Throwing Sounds Together as Amphibian Sibling

by Christian McCagherty

Throwing Sounds Together as Amphibian Sibling by Christian McCagherty
This project is really just the natural progression of my seemingly endless need to throw sounds together until they resemble something along the lines of a song. I’m excited to see where I can take amphibian sibling and how I can benefit people with music as I’ve benefited from others’ music.

Listen to the EP while reading the text.

Early Childhood Influences

Music began in my family with my eldest brother’s adoration of the buskers in my home town. His obsession left him wishing for a violin of his own. So after a year of consistent pestering, my parents eventually gave in and bought him a beginner’s violin as a Christmas gift, age 5. Now the seed was planted. My other brother began to learn as well when he was 5.

My elder brothers’ pursuit of music, in turn, inspired my own. Soon I too began to learn violin… Piano lessons were quickly added to the routine, and when I turned 9, I took up the oboe after my other brother. The years of practice slowly developed into a slight resentment of music; classical music wasn’t cool at school. So when I turned 16 I picked up the guitar and began to teach myself.

First Band in College

When I started college, a new friend introduced me the Mark Linkous’ music under Sparklehorse. This provided me with a completely new perspective on what music could be: there isn’t a need for anything fancy.

This new friend was putting together a band, and I joined on the guitar. The project was called 1980’s European Skiing Holiday, and I’d describe it as ‘lo-fi jangly psychedelic’ etc. the music was awesome and we were all pretty invested. After a year of musical experimentation and local gigging, we all decided to part ways.

Going Solo

As sad as it was to say goodbye to this formative experience, the free time presented me with an opportunity to focus on my own music. I acquired some recording gear and started to write songs, a lot. They weren’t the best songs but I had fun and was learning.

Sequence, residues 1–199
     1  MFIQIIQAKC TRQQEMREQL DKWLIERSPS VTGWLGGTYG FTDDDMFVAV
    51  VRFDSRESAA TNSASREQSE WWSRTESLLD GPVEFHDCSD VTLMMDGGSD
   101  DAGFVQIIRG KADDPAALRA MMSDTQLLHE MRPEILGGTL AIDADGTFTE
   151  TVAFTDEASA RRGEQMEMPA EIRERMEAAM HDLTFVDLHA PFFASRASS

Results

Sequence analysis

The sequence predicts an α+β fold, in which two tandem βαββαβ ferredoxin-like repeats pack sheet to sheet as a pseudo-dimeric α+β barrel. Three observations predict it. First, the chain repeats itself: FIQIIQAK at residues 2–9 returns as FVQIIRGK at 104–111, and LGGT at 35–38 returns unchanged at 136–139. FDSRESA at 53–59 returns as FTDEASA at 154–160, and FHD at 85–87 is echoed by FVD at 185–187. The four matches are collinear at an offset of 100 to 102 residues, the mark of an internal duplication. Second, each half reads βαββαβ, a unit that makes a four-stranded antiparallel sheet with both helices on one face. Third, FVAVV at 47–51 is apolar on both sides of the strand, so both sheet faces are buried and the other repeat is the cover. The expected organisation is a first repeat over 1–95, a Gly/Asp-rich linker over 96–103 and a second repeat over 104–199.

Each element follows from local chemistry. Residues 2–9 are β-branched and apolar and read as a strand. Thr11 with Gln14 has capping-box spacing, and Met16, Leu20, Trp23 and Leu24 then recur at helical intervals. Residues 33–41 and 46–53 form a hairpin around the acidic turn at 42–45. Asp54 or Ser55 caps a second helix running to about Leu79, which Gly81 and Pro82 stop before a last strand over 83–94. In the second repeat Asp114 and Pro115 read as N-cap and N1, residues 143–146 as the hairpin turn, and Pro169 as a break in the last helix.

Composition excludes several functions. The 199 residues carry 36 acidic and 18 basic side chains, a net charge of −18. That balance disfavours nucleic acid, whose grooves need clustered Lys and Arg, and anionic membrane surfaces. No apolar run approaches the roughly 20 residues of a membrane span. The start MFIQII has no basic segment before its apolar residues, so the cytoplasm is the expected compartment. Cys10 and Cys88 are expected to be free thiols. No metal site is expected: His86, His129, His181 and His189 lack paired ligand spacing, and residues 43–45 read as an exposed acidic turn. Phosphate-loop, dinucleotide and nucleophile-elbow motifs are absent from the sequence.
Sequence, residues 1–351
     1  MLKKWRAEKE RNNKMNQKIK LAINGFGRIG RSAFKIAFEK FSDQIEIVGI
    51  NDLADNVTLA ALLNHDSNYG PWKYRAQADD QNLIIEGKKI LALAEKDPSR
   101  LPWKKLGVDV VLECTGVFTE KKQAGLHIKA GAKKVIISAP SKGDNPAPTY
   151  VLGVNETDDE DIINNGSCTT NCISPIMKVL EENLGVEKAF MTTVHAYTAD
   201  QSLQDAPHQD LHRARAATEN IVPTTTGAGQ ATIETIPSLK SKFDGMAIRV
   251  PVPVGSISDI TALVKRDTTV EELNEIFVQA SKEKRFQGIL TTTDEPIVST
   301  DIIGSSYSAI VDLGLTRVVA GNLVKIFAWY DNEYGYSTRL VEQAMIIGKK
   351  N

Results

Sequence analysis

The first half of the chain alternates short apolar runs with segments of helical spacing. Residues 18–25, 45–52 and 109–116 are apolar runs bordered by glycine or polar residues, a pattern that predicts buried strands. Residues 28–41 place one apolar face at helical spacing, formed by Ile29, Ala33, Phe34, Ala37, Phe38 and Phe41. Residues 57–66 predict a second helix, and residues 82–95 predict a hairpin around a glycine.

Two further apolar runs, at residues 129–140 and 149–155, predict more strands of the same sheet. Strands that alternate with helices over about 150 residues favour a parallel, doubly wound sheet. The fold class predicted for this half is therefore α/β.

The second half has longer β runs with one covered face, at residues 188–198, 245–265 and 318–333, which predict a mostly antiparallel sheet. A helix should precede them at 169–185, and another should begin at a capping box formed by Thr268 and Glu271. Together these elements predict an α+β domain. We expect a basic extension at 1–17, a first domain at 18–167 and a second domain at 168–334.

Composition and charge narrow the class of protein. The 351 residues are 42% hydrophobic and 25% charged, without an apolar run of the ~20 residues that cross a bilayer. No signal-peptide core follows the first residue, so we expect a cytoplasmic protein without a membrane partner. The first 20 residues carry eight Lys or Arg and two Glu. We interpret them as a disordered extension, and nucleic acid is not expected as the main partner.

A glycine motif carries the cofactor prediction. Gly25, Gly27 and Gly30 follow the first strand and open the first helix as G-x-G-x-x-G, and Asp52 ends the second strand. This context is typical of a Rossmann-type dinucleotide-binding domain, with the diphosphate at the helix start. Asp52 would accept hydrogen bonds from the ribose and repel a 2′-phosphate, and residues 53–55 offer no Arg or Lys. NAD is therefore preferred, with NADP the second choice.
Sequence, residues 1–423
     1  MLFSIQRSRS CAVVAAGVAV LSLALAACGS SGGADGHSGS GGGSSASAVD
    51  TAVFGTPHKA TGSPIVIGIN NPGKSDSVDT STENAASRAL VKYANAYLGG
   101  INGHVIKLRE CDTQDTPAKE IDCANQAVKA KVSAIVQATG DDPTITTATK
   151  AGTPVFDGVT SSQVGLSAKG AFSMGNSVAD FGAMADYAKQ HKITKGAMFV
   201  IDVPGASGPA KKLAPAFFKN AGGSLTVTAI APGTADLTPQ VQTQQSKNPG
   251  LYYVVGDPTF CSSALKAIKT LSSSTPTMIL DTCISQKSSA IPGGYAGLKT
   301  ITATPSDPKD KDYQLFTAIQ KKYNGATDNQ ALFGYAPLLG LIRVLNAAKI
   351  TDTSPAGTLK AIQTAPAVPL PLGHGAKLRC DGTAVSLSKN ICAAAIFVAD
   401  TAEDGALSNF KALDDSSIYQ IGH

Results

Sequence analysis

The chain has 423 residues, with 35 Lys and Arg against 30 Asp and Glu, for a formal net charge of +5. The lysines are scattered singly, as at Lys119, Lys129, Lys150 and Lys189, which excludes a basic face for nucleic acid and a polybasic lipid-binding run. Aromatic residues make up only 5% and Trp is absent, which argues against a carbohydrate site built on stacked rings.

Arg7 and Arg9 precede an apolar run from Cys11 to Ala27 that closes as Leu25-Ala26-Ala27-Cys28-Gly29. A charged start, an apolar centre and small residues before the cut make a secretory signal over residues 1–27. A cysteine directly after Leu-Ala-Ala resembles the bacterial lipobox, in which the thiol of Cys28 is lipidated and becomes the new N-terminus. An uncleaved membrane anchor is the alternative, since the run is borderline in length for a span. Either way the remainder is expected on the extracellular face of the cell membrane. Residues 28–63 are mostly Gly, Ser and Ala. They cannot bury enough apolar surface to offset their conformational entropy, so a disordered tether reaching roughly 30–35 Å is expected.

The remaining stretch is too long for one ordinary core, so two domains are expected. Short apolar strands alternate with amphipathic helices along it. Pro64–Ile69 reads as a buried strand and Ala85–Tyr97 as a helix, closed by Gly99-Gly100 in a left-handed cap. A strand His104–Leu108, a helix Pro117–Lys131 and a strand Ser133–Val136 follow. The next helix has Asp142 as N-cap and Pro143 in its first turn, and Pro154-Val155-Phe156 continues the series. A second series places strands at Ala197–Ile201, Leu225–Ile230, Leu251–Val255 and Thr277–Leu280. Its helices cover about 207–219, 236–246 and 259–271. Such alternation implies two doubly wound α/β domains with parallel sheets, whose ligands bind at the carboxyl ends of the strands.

Occasionally I’d spew up a catchy tune, and a couple of my friends picked up on these and religiously supported me, encouraging me to keep writing.

After a year or so of this I stumbled across the slowcore band Duster and learned some huge lessons: there’s always room for space between notes, and often raw music can appeal to a person’s ear more than pristine recordings. The notes which aren’t played help create tension and build the weight of the notes which are played.

Focusing on Music

I decided to spend a year studying guitar, and while doing so, I thoroughly enjoyed being surrounded by so many talented musicians. I had people into whatever genre you could think of always up for a jam. This availability of musicians was extremely exciting and beneficial.

However, I realized that I wasn’t hugely compatible with the institution I was studying at and that I didn’t need that place to achieve what I wanted to. This resulted in me deciding to leave after a year and subsequently I enrolled at a seaside university to study biology… a plan B… but primarily it gave me a couple of years in a beautiful setting without the stress of a working life to spend focusing on my music and let it mature.

Sacred Spot

After some time living by the coast, I felt I was finally ready to give a piece of my work to the world/anybody who wanted to listen. I had three songs that I wanted to put out and recorded them the following summer with the help of a close friend: the drummer from 1980’s European Skiing Holiday.

After a week spent living in my friend’s glorified shed playing music and GameCube I was left with some very smelly clothes and a three track EP. My production skills are pretty mediocre, but the music sounded cool, and I was happy with how it had turned out.

Time dragged on, and I ended up shelving the EP without showing anyone but a few friends. The same friends who had supported me when I first started writing were on my case… all the time… they told me I had to release the music.

So after around eight months of shelf life and myself drifting away from and back toward the idea of attempting a career in music, the EP finally got uploaded to Bandcamp. The music has received a lot of love from my extremely supportive friends and some other people too.

bandcamp
instagram

Artist’s Note
Aberystwyth, UK
Alternative, Dreampop, Indie Rock, Shoegaze
studying music, classical influences, DIY, career in music

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